This summer has been sweltering in London – but us Brits haven’t mentioned it all, have we..? I suddenly found myself with very little summer appropriate clothing and turned to the trusty Ogden cami pattern to solve my dilemma. In one weekend alone, I made 5 Ogdens. Can you believe? Here’s a quick round-up, showing how versatile the Ogden can be:
1. Ogden/Ida Swap
Jen (@jenlegg4) and Laura (@cottonreelstudio) ran a great sewing exchange challenge this year in the Ogden/Ida swap. You’re paired up with another sewist somewhere in the world and you have to make them an Ogden cami or an Ida clutch or both. I opted for both, and my person to sew for was Laura herself. Noting her love for patterned fabric, I decided to sew up an Ogden in some navy blue fabric with white birds all over it.
Now one of my least favourite parts of an Ogden is under-stitching the facing – it’s just so fiddly. To over come this, sometimes I just stitch the main fabric and the facing together, about 1 cm from the neckline. For Laura’s version, I decided to use a fancy embroidery stitch on my Bernina and I really like how it turned out.
The Ida I also sent Laura was made out of suede my aunt gave me, and the lining (also patterned birds) was a remnant from one of my favourite fabric shops (Madjaks in Shere). The zip was inherited from my grandmother (a master seamstress in her day), so it cost me next to nothing to put this together.
In return I received from Merri a beautiful Ogden in a tie dye like print (so very me!).
She also sent a beautiful Ida with a cute bee on the zip, and some handmade earrings – cannot get over how lovely these are.
2. Ogden dress hack 1.0
I had some fabric left over from the Ogden I made Laura as part of the Ogden swap, so decided to make myself a dress version. Now, listen, this is a lesson in a) pre-washing fabric, and b) allowing for a bit more length lest your make become indecent in retrospect.
I now wear this dress as a nightie, and honestly, I needed more nightwear suitable for the hot weather, so it’s a welcome addition to my wardrobe. I also had a tiny bit of the fabric left after that and made a cropped version of the Ogden to go with high waisted jeans/skirts.
3. Ogden dress hack 2.0
I love an Instagram destash; (fellow millennials ignore this section, but for the sake of my dear mum eventually reading this..) this typically involves a sewist selling their spare fabric on Instagram to others who might get better use of it. To me, it’s a great, sustainable way of sourcing fabric – you’re not creating additional demand for fabric, and you’re taking it off another sewist’s hands.
The fabric for this Ogden dress fabric came from @timetosew ‘s destash account (@makeyourstashdestash) on Instagram, and cost just £5 plus postage (the fiver went to charity too!).
I got a metre of Lady McElroy cotton, and I decided to see if I could squeeze out an Ogden dress. Honestly – a cotton dress was all I wanted to be wearing this summer! I really like how this turned out – I kept it midi length, and always wear a belt with it to cinch it in.
4. Ogden dress hack 3.0
My final ogden dress hack used an elasticated waist (to eradicate the need for a belt). I used a remnant I found at the aforementioned Madjaks, which ended up being just a metre of cotton printed with daisies.
I cut a bodice, finishing on the lengthen/shorten line. I then cut two rectangles out of the remaining fabric I had, sewed the two together and created a channel to thread the elastic through.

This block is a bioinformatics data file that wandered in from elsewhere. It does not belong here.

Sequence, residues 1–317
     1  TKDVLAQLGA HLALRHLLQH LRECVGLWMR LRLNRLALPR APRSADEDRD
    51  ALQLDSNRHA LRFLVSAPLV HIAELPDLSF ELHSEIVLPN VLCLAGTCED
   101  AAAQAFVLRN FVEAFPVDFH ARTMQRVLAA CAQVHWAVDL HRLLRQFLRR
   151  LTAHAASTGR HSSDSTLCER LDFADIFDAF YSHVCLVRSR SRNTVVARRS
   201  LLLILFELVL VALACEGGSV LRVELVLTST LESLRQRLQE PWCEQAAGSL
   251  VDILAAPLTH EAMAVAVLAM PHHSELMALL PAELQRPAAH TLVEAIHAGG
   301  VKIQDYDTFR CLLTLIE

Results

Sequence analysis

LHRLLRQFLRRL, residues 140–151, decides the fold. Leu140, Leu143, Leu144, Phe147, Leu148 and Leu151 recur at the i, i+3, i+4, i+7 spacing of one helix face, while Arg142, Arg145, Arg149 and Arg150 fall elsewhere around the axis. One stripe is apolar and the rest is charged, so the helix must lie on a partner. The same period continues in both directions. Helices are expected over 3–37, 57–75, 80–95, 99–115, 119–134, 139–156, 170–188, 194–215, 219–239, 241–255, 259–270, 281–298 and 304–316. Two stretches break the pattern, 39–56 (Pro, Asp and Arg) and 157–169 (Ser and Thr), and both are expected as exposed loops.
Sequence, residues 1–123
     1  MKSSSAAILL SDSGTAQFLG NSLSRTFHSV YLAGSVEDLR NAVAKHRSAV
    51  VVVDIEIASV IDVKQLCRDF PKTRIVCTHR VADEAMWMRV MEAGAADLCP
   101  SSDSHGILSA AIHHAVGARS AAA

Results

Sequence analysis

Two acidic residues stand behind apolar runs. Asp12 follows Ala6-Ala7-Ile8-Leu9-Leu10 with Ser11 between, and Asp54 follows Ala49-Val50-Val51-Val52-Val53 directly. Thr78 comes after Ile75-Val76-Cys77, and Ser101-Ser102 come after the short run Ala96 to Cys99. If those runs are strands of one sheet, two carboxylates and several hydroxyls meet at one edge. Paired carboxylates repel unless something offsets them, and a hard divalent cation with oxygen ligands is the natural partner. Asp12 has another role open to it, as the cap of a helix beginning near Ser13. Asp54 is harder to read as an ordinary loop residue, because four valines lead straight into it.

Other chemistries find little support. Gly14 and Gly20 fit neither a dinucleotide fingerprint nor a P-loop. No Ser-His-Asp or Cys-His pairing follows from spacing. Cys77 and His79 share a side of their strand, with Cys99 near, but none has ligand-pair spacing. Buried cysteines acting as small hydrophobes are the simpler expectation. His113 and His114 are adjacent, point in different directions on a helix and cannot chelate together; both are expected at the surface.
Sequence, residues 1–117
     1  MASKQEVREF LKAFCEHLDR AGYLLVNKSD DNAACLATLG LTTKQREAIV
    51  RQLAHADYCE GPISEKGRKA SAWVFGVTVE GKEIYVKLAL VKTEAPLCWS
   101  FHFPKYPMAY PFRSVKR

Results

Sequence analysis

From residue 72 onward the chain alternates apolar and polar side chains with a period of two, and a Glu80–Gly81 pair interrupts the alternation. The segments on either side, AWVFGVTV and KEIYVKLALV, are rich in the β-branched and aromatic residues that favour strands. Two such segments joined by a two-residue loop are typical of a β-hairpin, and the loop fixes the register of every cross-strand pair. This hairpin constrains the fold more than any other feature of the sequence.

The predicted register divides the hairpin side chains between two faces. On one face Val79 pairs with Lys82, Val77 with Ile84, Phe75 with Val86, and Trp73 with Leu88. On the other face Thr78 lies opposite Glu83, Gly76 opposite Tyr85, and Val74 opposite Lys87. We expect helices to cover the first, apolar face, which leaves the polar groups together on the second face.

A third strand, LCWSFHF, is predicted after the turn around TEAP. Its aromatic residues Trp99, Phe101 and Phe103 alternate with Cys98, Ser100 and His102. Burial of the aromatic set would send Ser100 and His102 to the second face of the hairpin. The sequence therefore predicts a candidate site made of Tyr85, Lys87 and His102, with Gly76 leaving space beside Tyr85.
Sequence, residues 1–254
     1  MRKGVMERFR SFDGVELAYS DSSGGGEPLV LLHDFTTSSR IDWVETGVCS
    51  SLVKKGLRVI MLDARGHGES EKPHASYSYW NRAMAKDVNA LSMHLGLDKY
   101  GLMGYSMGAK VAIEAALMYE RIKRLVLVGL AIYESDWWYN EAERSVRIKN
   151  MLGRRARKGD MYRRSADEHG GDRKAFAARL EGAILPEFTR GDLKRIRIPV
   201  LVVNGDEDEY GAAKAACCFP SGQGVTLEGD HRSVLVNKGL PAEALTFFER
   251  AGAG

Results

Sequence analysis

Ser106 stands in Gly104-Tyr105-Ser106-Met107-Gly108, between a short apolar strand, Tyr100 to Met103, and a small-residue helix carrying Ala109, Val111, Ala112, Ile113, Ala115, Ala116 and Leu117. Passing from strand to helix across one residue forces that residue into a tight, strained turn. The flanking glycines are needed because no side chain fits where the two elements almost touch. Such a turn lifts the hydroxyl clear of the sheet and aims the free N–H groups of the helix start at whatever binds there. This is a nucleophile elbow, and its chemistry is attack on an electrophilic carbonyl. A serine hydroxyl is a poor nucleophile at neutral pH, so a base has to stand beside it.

I love how this turned out, but I did have to be pretty careful about the placement of the daisies…!
5. Silk Cami + Old Zara Top = A+ Ogden
A sewing fail of mine that hasn’t been documented on the blog was a white Sew Over It Silk Cami I made earlier this year. Its problem was that the fabric was quite sheer so you could see the facing underneath – not ideal.
I also had a RTW top from Zara that I bought online in the sale a few years ago and have never worn, for a couple of reasons: 1) it’s sheer, and 2) it’s too big.
I decided to see if I could combine these two fails into something usable. Given the little fabric I had to play with, I settled on the trusty Ogden – surprise, surprise!
The Silk Cami ended up being the underlayer (omitting facings) and the lace from the Zara top went over the top. I added ribbons for ties, because I didn’t have enough of the fabric to make my own.
I really love how this turned out, and I’ve had so much more wear out of it than the other two garments combined!
6. 2 x Refashioned Ogdens
My flatmate had a clear out of her wardrobe before we moved into our current place (last September!) and I’ve only just got round to refashioning a couple of skirts she decided weren’t for her anymore.
Both were short skirts with multiple rows of elasticated gathers. I unpicked the rows of gathers during a viewing of Iron Man, and used the Ogden pattern to refashion them into more wearable tops. I didn’t quite have enough of the main fabric for the facings, so I used a contrasting fabric I had in my stash.
The main lesson I’ve learnt with the Ogden over the past few months – if you don’t think you have enough fabric, you probably do if you make the facing or straps from a different, complementary material. I kept the original hem from the skirts for ease (read: laziness). I also used some ribbon for the straps because a) it was easier, and b) I didn’t quite have enough of the main fabric to make my own straps.
Overall that makes 8 Ogden camis made by me (and one made for me). Wow, I definitely love this pattern. It’s so versatile and quick to sew, I’d definitely recommend it. My next challenge is to try and widen the straps to make it work appropriate!